August 26, 2008
Twelve states, including New York, are suing the Environmental Protection Agency over greenhouse gas emissions from oil refineries.
The lawsuit, led by Attorney General Andrew M. Cuomo of New York, accuses the agency of violating the federal Clean Air Act by refusing to issue standards, known as new source performance standards, for controlling the emissions.
“The E.P.A.’s refusal to control pollution from oil refineries is the latest example of the Bush administration’s do-nothing policy on global warming,” Mr. Cuomo said in a news release. “Oil refineries contribute substantially to global warming, posing grave threats to New York’s environment, health and economy.”
In a ruling last year, the Supreme Court found that the agency had the power to regulate greenhouse gases under the Clean Air Act. Since then, the agency’s director has said it is the job of Congress to regulate them.
Coalitions of states have also sued the agency to require it to set standards for emissions from power plants and to uphold the right of states to regulate emissions from automobiles.
The suit, filed in the United States Court of Appeals for the District of Columbia Circuit, said about 15 percent of industrial emissions of carbon dioxide, the main greenhouse gas, came from the refineries.
It seeks to force the agency to control refinery emissions and adopt the new source performance standards.
Tim Lyons, a spokesman for the agency, said time and money would be better spent by encouraging Congress to take action on environmental legislation.
The other states in the suit are: California, Connecticut, Delaware, Massachusetts, Maine, New Hampshire, New Mexico, Oregon, Rhode Island, Vermont and Washington. Two cities, New York and Washington, also signed on.
New Wal-Mart Canada Stores Go Greener
By Randall Palmer
August 26, 2008
OTTAWA - Wal-Mart stores in Canada will look to go greener next year, with new outlets opened in 2009 designed to save 30 percent in energy use, the head of the retail giant's Canadian unit said on Tuesday.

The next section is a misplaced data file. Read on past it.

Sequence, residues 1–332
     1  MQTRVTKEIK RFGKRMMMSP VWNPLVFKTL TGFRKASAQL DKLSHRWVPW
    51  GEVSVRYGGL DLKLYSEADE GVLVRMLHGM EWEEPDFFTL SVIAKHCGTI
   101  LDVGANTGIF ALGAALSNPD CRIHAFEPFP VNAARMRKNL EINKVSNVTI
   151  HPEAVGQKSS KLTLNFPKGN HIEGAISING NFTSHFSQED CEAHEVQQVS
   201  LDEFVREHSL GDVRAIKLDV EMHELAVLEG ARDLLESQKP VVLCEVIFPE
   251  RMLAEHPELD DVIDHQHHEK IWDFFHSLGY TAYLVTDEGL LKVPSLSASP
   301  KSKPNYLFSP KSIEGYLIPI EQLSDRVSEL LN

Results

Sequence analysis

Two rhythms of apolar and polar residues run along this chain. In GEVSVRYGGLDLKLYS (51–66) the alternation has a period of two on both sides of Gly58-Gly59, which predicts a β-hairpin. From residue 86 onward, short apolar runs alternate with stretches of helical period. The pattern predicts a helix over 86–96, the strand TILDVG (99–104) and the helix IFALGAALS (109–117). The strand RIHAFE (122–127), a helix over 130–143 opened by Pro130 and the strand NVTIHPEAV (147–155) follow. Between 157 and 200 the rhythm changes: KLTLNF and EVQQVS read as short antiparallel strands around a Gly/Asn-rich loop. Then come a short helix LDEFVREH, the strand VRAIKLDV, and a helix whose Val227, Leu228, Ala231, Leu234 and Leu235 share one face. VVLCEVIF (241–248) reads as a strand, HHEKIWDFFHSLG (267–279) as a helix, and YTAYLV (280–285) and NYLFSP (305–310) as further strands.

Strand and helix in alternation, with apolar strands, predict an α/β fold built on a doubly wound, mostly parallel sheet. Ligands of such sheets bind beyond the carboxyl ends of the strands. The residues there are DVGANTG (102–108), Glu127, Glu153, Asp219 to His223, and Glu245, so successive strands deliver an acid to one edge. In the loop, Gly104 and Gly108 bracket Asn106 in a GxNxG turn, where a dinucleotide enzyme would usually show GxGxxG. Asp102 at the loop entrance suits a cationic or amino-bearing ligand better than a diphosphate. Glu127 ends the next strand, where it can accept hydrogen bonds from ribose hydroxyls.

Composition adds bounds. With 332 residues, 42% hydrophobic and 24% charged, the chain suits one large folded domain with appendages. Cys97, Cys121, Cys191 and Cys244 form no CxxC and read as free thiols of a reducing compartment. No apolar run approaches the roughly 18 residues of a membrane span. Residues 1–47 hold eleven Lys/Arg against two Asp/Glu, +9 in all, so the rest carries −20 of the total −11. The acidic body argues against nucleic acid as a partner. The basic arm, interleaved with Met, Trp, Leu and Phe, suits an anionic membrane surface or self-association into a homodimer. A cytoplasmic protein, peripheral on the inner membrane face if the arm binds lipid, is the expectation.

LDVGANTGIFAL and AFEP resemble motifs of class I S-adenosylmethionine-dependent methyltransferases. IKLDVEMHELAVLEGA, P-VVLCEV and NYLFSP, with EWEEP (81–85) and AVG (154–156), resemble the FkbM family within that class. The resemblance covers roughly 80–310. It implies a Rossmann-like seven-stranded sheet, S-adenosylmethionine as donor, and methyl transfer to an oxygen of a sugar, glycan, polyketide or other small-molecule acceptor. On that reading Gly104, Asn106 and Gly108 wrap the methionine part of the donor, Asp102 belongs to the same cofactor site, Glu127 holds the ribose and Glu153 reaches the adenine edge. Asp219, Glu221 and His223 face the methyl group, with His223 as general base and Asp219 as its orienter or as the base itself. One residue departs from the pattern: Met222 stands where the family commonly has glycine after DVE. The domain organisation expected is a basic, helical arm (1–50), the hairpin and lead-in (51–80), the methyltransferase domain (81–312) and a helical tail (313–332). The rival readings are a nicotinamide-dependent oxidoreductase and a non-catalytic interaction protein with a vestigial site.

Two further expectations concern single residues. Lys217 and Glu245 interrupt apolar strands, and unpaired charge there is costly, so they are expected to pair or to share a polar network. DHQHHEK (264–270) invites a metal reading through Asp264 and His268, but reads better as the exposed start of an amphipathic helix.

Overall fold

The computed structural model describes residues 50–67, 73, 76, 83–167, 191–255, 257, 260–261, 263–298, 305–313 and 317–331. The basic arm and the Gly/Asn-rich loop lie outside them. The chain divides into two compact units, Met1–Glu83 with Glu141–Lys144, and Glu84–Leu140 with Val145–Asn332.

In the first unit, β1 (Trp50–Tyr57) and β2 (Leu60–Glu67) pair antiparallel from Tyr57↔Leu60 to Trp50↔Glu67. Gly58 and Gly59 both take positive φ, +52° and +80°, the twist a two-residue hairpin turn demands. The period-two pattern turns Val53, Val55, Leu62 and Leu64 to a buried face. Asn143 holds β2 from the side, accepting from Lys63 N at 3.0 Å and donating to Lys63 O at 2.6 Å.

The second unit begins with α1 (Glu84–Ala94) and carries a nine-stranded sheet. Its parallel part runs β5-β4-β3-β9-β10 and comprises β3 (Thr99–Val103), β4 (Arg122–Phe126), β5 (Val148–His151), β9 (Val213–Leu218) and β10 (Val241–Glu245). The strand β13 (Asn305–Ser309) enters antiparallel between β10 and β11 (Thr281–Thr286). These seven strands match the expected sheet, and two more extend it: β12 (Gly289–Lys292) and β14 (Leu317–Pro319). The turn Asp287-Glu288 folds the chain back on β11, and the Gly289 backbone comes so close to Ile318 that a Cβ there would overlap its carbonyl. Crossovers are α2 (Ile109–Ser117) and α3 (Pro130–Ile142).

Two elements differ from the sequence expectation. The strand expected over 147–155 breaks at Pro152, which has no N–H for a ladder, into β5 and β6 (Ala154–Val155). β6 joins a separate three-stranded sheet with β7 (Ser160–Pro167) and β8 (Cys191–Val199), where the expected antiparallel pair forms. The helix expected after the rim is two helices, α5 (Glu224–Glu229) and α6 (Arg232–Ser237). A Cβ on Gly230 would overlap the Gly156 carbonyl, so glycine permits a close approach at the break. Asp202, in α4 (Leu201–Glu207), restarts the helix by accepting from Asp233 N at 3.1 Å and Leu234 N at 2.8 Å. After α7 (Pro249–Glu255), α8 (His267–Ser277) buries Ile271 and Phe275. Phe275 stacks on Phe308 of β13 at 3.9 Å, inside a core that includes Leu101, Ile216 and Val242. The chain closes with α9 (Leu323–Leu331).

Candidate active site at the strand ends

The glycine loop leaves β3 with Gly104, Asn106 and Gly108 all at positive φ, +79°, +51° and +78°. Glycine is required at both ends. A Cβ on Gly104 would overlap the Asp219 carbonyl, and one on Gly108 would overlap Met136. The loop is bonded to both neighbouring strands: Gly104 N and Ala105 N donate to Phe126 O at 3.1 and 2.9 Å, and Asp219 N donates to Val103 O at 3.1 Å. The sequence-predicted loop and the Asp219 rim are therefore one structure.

"We call them Wal-Mart HE -- a high-efficiency prototype," Wal-Mart Canada Chief Executive David Cheesewright said in the text of a speech to a meeting of Ontario cities.
Cheesewright told Reuters later that the new, greener stores would result in savings of C$25 million ($24 million) over five years.
The company will achieve the energy savings, compared with traditional outlets in 2005, by using waste energy from refrigerators to help heat stores, cutting lighting costs, covering roofs with white membranes to reflect sunlight and lower summer cooling costs, and reducing the size of the buildings.
Cheesewright said Wal-Mart continued to pursue three long-term sustainability goals globally: to produce zero waste, to operate with 100 percent renewable energy, and to make environmentally preferable products available.
(Reporting by Randall Palmer; editing by Rob Wilson.)
U.S. considers protecting vast swaths of Pacific
By Deborah Zaberenko
August 26, 2008
WASHINGTON (Reuters) - Vast swaths of U.S. Pacific Ocean waters could be protected as marine sanctuaries or monuments, the White House said on Monday, drawing praise from environmental groups.